Art Kehler’s journey with writing
Bestowing small town folks unofficial awards for daily occurrences is an unspoken tradition, according to Art Kehler.
For example, the contest may be regarding the coldest temperature inside on any given winter day. Some real shysters might go around in the early hours of the morning with a flashlight to check the thermometer during the coldest part of the day, and report that to the crowd at the local diner a few hours later.
Those people are hooligans. But, whomever wins the unofficial award gets the unofficial title and proceeds to be unbearable about it, Kehler described.
Arthur Kehler has been writing for about half of his life and contributing to The Madisonian since the early 2000s. After being laid off from a mining job, he decided to go to college for an English teaching degree at age 47. English Composition 101 was his first class and he was required to write prose.
“I found out pretty quick that I loved doing it,” he remembered. It allowed him to write about things he had not thought of in years. Younger adults in his class loved his pieces, which surprised him given the age difference.
Anyone who has read any of Kehler’s pieces knows how distinct and identifiable his writer’s voice is. He attributes this to growing up in a family that ‘was a little nuts.’ He got his wit from his dad and his mom was the only ‘sane human’ that tried to keep the family under control.
“It forces me to sit down and concentrate,” Kehler said about writing. “They say writers are observers and even at an early age I’d be happy observing things. While my brother was running around me like a maniac, I was listening to the older folks, watching what was going on around me.”
The combination of being still and growing up with humor shows in Kehler’s soft voice that is prickled with one-liners that knock you off-guard due to their subtlety and drollness.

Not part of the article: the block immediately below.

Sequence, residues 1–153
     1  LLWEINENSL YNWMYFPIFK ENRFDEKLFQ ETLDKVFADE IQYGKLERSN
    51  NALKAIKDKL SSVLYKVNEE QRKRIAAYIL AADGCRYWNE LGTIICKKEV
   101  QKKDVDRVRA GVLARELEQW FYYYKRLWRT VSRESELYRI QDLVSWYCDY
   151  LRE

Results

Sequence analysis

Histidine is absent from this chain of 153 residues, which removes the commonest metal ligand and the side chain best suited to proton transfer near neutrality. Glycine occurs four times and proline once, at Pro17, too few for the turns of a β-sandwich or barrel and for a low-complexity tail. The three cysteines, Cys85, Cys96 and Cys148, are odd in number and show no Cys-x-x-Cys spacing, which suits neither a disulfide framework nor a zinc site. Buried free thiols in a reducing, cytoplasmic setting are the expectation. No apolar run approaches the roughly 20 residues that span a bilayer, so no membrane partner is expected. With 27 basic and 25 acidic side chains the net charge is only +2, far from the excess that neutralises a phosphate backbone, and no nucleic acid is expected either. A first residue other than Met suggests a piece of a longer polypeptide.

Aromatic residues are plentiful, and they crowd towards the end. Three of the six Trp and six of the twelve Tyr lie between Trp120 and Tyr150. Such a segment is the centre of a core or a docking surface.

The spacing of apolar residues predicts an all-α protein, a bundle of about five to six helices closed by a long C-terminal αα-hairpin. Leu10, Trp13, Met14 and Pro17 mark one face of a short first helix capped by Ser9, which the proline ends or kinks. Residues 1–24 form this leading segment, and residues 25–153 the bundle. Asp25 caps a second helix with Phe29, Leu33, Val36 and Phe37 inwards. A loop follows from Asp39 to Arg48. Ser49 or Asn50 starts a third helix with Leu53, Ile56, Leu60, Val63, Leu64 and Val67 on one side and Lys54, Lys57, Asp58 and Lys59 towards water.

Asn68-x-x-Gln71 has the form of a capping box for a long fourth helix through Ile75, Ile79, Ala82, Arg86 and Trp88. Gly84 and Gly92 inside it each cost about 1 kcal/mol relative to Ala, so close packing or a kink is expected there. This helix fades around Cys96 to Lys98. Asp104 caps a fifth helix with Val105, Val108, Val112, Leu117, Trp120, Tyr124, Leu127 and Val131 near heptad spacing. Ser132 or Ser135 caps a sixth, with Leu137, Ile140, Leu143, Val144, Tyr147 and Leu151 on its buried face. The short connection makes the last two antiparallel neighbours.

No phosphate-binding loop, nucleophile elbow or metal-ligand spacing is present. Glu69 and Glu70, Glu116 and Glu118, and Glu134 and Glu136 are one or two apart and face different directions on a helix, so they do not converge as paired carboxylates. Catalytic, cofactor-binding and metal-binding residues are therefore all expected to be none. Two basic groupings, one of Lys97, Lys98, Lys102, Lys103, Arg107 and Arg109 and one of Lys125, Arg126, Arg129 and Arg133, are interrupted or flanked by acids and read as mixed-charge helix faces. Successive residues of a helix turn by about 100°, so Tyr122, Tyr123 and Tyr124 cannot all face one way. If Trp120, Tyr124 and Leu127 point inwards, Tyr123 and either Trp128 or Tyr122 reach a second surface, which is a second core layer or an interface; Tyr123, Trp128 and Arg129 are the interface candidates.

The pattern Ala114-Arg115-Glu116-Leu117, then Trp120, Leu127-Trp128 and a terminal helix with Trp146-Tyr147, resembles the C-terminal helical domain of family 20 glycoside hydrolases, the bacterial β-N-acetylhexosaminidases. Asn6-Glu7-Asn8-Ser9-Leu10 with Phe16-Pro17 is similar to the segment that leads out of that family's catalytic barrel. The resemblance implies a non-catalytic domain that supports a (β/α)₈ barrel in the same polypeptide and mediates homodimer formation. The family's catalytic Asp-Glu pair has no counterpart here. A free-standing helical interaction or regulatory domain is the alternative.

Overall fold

The outdoors and locals of the tri-cities—Harrison, Norris and Pony—feed Kehler’s inspiration. “We have some pretty unique characters here, like most the small towns in Montana,” he said, and put the humor of those individuals on paper.
Occasionally, locals would recognize themselves in Kehler’s writing, which just adds a whole extra element of comedy to the situation.
Areas like the tri-cities make everyone a part of the community at some point. The traditions, like the unofficial award for the coldest house temperature, become traditions because the close-knit nature of the people does not let them die. Kehler described Harrison as the outback of Madison County—not a lot of news cycles out of the town, but the feedback loop of telling stories within the community keeps tradition alive and humor abundant.
“It takes a lifetime of writing,” Kehler said, to find a voice. To be a writer, he said, one has to sit at the bed of the dying or watch a sunset on a bitter cold day. Life experiences add up to inform an excerpt both in terms of the content and the creativity.
He advises young writers to be themselves. The voice will come eventually. And, to keep a journal.
“When you’re journaling, you’ll write down an initial gem of a thought that turns into a piece,” he said.
Journaling, writing and being outdoors have kept Kehler’s mind fresh. The body tends to have a different plan.
“It takes me so long to do anything anymore,” Kehler said.
After a neck surgery in 2018, his hands stiffened. Kehler was unable to type as effectively and even with the assistance of voice recognition software, the mouse needed proved to be too much for his hands. For now, journaling and writing new things are off the table.
Kehler reads more as a result, currently in The Case for Faith by Lee Strobel. He plans to branch out to other publications and see if he can submit articles he has already written.
“It strikes me as quite a privilege to write for the first newspaper in Montana,” Kehler said of his thoughts on submitting to The Madisonian. If you want to experience his voice for yourself, find Kehler’s contributions in The Madisonian e-editions, or his book, Hollowtop Smoke Signals on Amazon.
Kehler said his dad always told him not to get old. He never gave him any advice on how to stop the process.